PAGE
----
This month saw release of the third in a series of reports by the Intergovernmental Panel on Climate Change (IPCC) as part of their Sixth Assessment Report (AR6) cycle.
In these reports, the IPCC’s three Working Groups (WGs) present the latest knowledge on the physical science of climate change (WGI), impacts, adaptation, and vulnerability (WGII) and mitigation (WGIII). Together, they deliver a stark warning on the nature and scale of current and future climate change, highlighting that immediate, rapid, and large-scale reductions in greenhouse gas emissions are needed, alongside urgent action on mitigation and adaptation.
Here, we give a snapshot of the CONSTRAIN papers that made their way into all three reports and look at how CONSTRAIN will continue to play a role in ensuring that climate policy is informed by the best available science.
The physical climate science basis
The WGI report on the physical science basis of climate change was released on 9 August 2021, bringing together the current scientific consensus on the climate system and how it is changing.
Eight of the WGI report’s Lead and Coordinating Lead Authors were from CONSTRAIN, making them responsible, alongside dozens of other scientists from around the world, for coordinating work on report chapters and producing text on specific topics.
In total, 56 CONSTRAIN papers published by the cut-off date for inclusion were referenced in the WGI report, representing more than 80% of our research output at the time (read a summary of CONSTRAIN publications and their relevance to the WGI report).
These included a landmark assessment of climate sensitivity which, by looking at multiple independent lines of evidence, revealed with more confidence than ever how sensitive the Earth’s climate is to increasing levels of carbon dioxide in the atmosphere: if atmospheric carbon dioxide levels double from their pre-industrial levels, and these levels are maintained, the world will probably see warming of between 2.3 and 4.5°C – a narrowing of the previously established range of 1.5-4.5°C.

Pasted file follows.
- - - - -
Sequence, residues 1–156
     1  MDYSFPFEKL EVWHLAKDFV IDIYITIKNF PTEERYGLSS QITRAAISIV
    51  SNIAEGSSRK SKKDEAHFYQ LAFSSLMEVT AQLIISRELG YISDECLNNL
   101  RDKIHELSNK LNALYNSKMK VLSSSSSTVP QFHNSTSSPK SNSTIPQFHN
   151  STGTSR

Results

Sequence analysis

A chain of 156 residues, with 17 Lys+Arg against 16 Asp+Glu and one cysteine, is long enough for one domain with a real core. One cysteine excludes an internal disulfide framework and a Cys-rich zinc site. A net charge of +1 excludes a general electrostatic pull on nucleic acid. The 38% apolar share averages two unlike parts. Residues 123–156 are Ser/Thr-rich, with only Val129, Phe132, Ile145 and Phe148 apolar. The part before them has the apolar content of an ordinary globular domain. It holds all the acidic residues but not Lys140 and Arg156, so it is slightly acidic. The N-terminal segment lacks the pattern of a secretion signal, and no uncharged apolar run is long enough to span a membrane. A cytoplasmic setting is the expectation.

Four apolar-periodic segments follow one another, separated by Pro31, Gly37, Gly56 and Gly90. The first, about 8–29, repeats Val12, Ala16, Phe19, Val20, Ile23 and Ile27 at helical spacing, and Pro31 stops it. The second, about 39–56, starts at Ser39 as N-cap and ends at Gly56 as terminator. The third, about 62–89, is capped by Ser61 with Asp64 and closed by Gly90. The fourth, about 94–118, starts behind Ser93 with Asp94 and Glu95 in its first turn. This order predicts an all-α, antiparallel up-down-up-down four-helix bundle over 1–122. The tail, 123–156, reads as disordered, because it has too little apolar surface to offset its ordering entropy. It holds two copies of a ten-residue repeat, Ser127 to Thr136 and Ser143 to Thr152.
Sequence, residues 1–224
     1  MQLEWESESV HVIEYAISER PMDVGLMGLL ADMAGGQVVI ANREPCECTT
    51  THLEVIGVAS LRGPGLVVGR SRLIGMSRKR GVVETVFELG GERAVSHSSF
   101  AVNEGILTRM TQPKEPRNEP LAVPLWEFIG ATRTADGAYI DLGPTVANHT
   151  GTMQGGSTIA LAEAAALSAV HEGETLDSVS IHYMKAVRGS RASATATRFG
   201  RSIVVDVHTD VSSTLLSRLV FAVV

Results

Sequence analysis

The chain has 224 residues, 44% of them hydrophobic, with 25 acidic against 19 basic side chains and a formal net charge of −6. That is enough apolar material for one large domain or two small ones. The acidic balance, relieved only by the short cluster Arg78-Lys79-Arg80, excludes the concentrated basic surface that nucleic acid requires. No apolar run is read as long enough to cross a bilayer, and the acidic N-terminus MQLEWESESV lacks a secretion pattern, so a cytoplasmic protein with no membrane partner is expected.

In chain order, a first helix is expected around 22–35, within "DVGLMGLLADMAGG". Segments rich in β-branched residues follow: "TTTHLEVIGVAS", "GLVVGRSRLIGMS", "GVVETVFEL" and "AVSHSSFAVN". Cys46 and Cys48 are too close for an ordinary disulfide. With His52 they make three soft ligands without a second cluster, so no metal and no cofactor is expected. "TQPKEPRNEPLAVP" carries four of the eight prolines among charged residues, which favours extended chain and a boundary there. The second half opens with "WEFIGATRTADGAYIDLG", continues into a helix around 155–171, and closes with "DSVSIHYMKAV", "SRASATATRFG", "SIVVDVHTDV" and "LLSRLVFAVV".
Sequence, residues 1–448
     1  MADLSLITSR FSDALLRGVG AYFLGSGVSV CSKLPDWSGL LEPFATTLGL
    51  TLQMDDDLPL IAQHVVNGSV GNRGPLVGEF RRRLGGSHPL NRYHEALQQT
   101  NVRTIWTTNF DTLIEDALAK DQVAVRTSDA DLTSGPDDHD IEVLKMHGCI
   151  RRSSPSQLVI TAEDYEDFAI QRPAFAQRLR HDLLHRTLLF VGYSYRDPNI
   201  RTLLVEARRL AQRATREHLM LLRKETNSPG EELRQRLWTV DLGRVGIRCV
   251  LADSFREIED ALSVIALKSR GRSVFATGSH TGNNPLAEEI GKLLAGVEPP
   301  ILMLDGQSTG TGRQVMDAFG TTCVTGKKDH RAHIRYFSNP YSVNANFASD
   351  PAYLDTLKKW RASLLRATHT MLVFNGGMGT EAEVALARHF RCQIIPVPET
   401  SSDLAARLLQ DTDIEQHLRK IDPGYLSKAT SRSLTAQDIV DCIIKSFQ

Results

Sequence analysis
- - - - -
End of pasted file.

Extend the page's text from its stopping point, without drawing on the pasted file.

The results also allowed scientists to compare this new range to the sensitivity estimates produced by the latest climate models. One CONSTRAIN study looking at the latest climate model projections showed how most of the models with high climate sensitivity also overestimate recent warming trends, leading to future warming projections also being too high. In related work, by comparing model projections with historical observations, CONSTRAIN research showed that the lower end of earlier estimates of 21st century warming can also now be excluded.
More CONSTRAIN work on climate models further improved understanding of the latest climate model results, and their temperature projections, by evaluating and tuning the models themselves as well as critically examining the model results.
Some CONSTRAIN papers featuring in the report focused on specific aspects of the climate system, such as the dynamics of the North Atlantic Ocean and sea surface temperature patterns, as well as how they are represented in climate models. Such studies are improving our understanding of the climate system and how uncertainties in climate projections can be reduced.
There was also a strong focus on policy-relevant information in many of the WGI report chapters. The remaining carbon budget (the total amount of anthropogenic carbon dioxide that can still be emitted into the atmosphere while holding global average temperature increase to a certain limit) was updated with the latest methodological advances. These included new information on how temperatures are likely to change as CO2 builds up in the atmosphere, and how the climate might change once CO2 emissions reach net zero (concluding that the most likely change in temperature is also close to zero).
Advances were also made in detecting the impact of strong emissions cuts on near-term warming rates, even when natural variability in the climate system is accounted for. This showed that strong and rapid climate action can slow down the rate of global warming over the next twenty years, bringing benefits that we will see in our lifetimes, and not just far into the future.